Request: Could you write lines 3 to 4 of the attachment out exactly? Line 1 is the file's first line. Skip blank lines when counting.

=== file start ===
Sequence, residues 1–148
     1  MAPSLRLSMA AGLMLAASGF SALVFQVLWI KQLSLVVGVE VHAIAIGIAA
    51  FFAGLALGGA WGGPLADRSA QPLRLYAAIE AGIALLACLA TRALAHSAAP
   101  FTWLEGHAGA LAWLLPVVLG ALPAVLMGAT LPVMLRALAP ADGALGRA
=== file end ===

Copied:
    51  FFAGLALGGA WGGPLADRSA QPLRLYAAIE AGIALLACLA TRALAHSAAP
   101  FTWLEGHAGA LAWLLPVVLG ALPAVLMGAT LPVMLRALAP ADGALGRA